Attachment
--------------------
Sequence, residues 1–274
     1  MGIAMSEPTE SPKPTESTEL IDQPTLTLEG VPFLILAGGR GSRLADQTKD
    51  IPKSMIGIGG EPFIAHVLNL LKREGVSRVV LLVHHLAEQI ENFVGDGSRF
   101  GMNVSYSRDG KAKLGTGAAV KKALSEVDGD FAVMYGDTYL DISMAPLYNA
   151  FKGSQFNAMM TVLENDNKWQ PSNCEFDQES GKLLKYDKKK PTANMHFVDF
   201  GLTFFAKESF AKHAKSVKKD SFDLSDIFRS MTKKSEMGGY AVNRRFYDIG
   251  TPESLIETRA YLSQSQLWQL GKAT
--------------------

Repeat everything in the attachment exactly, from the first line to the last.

Sequence, residues 1–274
     1  MGIAMSEPTE SPKPTESTEL IDQPTLTLEG VPFLILAGGR GSRLADQTKD
    51  IPKSMIGIGG EPFIAHVLNL LKREGVSRVV LLVHHLAEQI ENFVGDGSRF
   101  GMNVSYSRDG KAKLGTGAAV KKALSEVDGD FAVMYGDTYL DISMAPLYNA
   151  FKGSQFNAMM TVLENDNKWQ PSNCEFDQES GKLLKYDKKK PTANMHFVDF
   201  GLTFFAKESF AKHAKSVKKD SFDLSDIFRS MTKKSEMGGY AVNRRFYDIG
   251  TPESLIETRA YLSQSQLWQL GKAT